Author: Sanghamitra Choudhury
Institution: Sikkim University
Author: Shailendra Kumar
Institution: Sikkim University
Author: Jayanta Madhab Tamuly
Institution: University of Science and Technology
Year of publication: 2021
Source: Show
Pages: 13-41
DOI Address:
PDF: rop/17/rop1701.pdf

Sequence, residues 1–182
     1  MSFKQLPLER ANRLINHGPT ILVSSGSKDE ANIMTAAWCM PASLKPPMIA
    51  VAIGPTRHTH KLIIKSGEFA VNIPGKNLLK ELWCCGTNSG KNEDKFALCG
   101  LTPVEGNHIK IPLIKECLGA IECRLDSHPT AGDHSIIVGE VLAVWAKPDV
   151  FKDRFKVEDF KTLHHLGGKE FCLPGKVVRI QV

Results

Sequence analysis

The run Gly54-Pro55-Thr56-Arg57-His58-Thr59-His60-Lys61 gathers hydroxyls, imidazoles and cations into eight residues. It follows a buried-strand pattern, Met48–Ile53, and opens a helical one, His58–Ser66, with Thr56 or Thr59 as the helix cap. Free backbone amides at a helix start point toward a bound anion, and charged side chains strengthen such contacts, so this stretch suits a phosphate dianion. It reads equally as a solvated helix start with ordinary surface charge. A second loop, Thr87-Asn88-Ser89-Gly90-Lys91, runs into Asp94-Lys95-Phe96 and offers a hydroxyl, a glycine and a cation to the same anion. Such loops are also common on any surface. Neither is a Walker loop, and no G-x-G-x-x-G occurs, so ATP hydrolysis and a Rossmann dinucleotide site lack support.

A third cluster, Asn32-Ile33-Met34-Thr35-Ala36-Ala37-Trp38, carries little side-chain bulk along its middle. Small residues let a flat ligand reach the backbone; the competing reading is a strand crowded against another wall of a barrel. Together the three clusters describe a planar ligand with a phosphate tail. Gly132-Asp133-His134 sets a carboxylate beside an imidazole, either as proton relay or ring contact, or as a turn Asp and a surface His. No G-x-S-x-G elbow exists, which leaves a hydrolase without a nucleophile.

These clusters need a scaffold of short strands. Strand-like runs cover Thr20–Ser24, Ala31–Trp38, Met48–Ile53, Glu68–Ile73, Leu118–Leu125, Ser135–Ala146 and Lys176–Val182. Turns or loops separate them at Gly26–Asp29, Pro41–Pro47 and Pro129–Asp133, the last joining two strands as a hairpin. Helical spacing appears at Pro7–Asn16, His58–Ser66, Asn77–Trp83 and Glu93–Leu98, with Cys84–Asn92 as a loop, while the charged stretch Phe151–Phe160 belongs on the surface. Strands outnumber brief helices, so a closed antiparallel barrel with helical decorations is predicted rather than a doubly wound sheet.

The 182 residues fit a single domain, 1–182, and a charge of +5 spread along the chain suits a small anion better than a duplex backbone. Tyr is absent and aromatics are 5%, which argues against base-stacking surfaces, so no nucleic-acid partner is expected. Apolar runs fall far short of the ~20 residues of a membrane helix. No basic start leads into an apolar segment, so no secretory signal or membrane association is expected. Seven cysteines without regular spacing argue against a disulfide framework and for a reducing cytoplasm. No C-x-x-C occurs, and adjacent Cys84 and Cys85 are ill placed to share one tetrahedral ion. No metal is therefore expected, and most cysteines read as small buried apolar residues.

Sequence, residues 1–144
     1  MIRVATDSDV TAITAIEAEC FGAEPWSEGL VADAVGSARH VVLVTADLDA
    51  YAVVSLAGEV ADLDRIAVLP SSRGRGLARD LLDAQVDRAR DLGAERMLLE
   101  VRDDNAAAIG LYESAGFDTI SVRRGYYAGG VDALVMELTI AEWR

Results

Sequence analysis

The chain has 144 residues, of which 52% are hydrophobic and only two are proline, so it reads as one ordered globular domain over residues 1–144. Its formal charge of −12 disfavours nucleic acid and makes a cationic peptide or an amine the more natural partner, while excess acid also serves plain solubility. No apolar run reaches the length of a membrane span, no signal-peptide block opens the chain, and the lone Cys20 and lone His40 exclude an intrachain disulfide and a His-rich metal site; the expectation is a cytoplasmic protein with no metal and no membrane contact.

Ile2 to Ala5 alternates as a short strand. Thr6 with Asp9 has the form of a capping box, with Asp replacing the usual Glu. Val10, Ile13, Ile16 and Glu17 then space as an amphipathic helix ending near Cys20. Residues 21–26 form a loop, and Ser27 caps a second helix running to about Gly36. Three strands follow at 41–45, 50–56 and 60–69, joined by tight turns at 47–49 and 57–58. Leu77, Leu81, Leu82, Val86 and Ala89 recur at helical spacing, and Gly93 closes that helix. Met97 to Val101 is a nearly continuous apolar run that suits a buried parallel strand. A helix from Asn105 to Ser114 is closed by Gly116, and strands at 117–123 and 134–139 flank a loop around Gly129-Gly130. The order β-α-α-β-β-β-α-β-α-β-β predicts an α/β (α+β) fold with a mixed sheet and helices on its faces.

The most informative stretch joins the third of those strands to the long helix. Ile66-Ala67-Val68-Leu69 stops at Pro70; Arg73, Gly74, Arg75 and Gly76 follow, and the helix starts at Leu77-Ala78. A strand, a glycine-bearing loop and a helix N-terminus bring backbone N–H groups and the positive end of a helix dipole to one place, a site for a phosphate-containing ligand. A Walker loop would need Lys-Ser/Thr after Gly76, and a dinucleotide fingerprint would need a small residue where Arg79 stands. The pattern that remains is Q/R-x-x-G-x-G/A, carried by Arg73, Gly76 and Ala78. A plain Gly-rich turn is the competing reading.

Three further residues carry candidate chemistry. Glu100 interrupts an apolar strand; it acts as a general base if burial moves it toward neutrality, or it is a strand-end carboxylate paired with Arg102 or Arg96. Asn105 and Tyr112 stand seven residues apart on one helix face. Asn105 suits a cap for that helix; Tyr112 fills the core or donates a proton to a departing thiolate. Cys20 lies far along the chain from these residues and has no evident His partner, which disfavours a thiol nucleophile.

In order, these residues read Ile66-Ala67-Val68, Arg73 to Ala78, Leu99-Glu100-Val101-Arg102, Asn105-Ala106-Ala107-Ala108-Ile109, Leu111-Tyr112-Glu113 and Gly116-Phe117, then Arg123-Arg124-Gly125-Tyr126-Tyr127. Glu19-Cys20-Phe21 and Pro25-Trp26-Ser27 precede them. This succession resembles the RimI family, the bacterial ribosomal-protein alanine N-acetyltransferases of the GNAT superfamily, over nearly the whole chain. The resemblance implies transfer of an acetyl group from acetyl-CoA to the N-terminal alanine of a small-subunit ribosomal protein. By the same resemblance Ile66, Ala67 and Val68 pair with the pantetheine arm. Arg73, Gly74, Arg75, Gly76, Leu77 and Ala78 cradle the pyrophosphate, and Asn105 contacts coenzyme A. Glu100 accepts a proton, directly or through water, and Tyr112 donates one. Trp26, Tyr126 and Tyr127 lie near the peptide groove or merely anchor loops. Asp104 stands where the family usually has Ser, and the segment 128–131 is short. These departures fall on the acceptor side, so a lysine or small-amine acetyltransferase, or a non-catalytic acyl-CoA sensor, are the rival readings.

Literature is a consequential medium that reflects human phenomena through artistic mode. It helps in recalling past traumatic experiences though more often in a masked form. The memories of the bellicose conflicts are recounted by the victims long after the harrowing events get safely buried in history and no longer accessible to the present. People conventionally forget the source of the trauma yet they recollect it through literary betokens like poems, musical compositions, plays, novels, stories, etc. The literary texts play a vital role in recalling and understanding a particular conflict through the wounded psyche which no historical or any other narratives can reach as efficaciously. This is one of the main reasons why literary discourses rather than historical narratives are comparatively more efficacious in portraying conflicts. This manuscript highlights what literature tells us about a particular conflict that social science literature has missed on. It additionally accentuates how literary discourses of select women writers from Northeast India proved to be more reliable representations of conflicts because they endeavor to capture the unknowable and inexpressible far more efficaciously through tropes and images. The manuscript is unique in the sense that it attempts to establish a periscopic understanding of identity, conflict, and trauma within literary prisms and for this, the manuscript utilizes the inditements of six women writers from northeast India like Arupa Patangia Kalita, Ratna Bharali Talukdar (State of Assam), Temsula Ao, Easterine Iralu (State of Nagaland), Irom Sharmila, and Ningombam Sunita (State of Manipur).


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